Fluke Banana Jack Repair

Fluke 80-series Broken JackEver bought a set of those cheap Chinese-made multimeter probes?  They probably had some little plastic inserts in the banana plugs.  For what reason I’m not sure, maybe to keep the safety shroud around the plug from deforming.  Don’t toss them in the trash.  Instead toss the probes in the trash (they’re not that great) and keep the inserts, because you can fix the broken inner jack shrouds on your $300 Fluke DMM with them!

A brand-new jack assembly can be found for $30 (or more), but this is quick and the results are pretty good.

The ‘CA activator’ mentioned above is a very volatile fluid that comes in a spray bottle.  When it comes in contact with cyanoacrylate (CA) glue, it causes a chemical reaction that results in instant hardening.  The common water-thin variety of CA glue (aka superglue) usually just makes a mess, but the slow-setting gel form of CA glue, used with the activator, can make effective repairs for many non-porous materials.  A small bottle of CA activator is not expensive and should be easily found in hobby stores, since CA glues are very popular with airplane modelers that use balsa wood.

About modemhead

Fixologist and multimeter junkie.
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8 Responses to Fluke Banana Jack Repair

  1. Harvey says:

    You bodging git ha ha :-))

    “Activator” hmm you have peaked my interest, do tell the secret mrmodem 🙂

    Ive found superglue to be a bit hit and miss, im sure it has become weaker since i used to buy it as a lad, locktight superglue 3 worked really well originally.

    As im a nasty bodger, i would have used a length of heatshrink tube and apply a warm soldering iron to the pin to shrink it, but not to a fluke, so dont panic lol.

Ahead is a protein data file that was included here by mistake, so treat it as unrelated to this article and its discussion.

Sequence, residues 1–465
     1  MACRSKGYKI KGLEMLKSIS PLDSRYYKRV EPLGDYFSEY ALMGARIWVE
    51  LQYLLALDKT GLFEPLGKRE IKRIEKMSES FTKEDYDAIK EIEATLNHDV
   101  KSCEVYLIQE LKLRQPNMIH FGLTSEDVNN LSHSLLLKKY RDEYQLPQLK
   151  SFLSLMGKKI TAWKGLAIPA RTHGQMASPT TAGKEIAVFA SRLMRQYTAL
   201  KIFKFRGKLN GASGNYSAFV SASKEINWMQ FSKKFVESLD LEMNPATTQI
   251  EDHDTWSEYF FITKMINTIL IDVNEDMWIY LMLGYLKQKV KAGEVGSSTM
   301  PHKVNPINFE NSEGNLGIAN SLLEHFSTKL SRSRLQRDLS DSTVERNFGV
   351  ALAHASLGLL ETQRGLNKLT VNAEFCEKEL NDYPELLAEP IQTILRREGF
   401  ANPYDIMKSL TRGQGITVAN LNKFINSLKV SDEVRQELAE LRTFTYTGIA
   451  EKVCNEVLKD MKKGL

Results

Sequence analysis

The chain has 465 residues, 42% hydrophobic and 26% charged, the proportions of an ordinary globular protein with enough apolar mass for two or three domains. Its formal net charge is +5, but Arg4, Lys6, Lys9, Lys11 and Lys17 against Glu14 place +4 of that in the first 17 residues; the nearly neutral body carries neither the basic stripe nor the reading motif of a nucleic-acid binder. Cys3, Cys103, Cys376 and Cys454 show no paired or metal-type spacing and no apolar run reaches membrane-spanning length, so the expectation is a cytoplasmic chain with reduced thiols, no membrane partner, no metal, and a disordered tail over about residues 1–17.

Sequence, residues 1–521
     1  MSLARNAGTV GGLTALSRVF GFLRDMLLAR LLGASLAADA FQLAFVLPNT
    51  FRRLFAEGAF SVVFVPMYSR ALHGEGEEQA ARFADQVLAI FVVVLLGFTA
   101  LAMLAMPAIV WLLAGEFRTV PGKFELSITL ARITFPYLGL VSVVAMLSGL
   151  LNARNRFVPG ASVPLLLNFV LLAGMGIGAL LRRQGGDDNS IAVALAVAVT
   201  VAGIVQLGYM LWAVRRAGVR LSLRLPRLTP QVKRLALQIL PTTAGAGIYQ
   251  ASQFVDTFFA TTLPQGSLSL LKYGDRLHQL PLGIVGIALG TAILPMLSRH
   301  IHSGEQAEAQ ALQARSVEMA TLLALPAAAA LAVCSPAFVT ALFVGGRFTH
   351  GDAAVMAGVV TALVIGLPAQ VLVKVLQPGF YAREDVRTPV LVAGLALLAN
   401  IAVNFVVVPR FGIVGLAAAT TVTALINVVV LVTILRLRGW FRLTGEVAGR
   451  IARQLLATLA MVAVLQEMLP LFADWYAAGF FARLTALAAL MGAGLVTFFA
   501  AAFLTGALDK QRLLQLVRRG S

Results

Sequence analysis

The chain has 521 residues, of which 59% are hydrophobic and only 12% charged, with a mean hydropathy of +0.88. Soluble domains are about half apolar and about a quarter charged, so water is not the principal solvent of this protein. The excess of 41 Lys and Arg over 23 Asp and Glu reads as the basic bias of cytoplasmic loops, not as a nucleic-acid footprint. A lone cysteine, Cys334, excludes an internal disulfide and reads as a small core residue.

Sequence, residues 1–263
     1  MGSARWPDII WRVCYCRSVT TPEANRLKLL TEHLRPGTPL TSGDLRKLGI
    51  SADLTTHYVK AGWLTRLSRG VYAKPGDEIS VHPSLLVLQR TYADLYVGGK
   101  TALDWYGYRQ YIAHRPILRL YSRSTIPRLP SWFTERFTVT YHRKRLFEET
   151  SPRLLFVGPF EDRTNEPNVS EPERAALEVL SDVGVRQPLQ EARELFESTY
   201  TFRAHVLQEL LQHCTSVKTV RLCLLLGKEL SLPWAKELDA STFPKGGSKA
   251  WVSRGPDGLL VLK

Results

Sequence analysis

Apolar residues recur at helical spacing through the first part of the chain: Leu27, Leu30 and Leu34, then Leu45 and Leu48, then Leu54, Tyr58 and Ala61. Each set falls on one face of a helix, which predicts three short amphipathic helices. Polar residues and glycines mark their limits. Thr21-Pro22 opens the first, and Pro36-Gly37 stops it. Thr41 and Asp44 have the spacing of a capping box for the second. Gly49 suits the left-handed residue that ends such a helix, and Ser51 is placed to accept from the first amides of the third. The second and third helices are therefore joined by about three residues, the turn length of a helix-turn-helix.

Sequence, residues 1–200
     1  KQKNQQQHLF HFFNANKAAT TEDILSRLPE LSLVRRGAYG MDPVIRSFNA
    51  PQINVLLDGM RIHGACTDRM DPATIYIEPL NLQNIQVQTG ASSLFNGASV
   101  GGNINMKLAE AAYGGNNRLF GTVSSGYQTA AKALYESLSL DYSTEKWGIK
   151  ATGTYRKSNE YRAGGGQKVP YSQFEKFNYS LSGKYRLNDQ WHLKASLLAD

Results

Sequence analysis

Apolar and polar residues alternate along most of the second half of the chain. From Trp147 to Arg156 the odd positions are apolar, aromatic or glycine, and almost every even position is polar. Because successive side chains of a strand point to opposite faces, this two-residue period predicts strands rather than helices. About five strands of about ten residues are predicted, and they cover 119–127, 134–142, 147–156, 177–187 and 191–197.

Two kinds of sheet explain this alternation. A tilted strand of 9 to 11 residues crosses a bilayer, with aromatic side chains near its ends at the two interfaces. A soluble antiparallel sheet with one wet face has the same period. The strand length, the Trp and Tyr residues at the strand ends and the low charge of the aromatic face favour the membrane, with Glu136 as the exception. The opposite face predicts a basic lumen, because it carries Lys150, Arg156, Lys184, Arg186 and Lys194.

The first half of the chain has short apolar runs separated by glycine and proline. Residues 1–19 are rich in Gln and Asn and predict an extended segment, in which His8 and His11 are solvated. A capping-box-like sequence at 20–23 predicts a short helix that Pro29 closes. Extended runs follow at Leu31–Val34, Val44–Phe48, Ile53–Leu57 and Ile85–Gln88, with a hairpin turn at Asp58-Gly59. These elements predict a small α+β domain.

Good repair mate, if you hadnt pointed it out i would not have noticed the replacement tube 🙂

    • modemhead says:

      CA activator is not really a secret, especially to anyone who has built a balsa-wood RC airplane model in the past 20 years. I added some verbage to the post about it. Good stuff for fixers. If the ladies can’t find you handsome, at least they can find you handy. Red Green

      The heat shrink is a good idea, but you’d have to take care not to pull the prongs too close together, making the jack overly tight.

  2. Harvey says:

    Red_green, ha ha i laughed like a hyena with hiccups 🙂

    Into firefox bookmarks his channel goes 🙂

  3. I have seen much and did much by holding my screwdriver over the years, but I have never thought that those plastics they can get in there as spare parts.

  4. Frank says:

    What a great fix. Had an old Extech that has served me well for many years. Both the COM and V,Ohm jacks broke. This made the readings very unreliable. Called Extech to see if I could buy replcmts. Wouldn’t do it. They could , however, take it in for evaluation and repair. $99 minimum. I happened to have a few sets of those inserts hanging around. Just finished the repair and you wouldn’t know that they were ever broken. I will nver forget this trick or ever throw those inserts away. My pack rat mentality caused me to save them in the first place, because you never know!!!

  5. mikeb says:

    Thanks for posting this great idea. Just fixed an eBay bargain Fluke 87 that had the jack shrouds missing from the COM & V-Ohm jacks and got unreliable readings due to poor connection to the probes.

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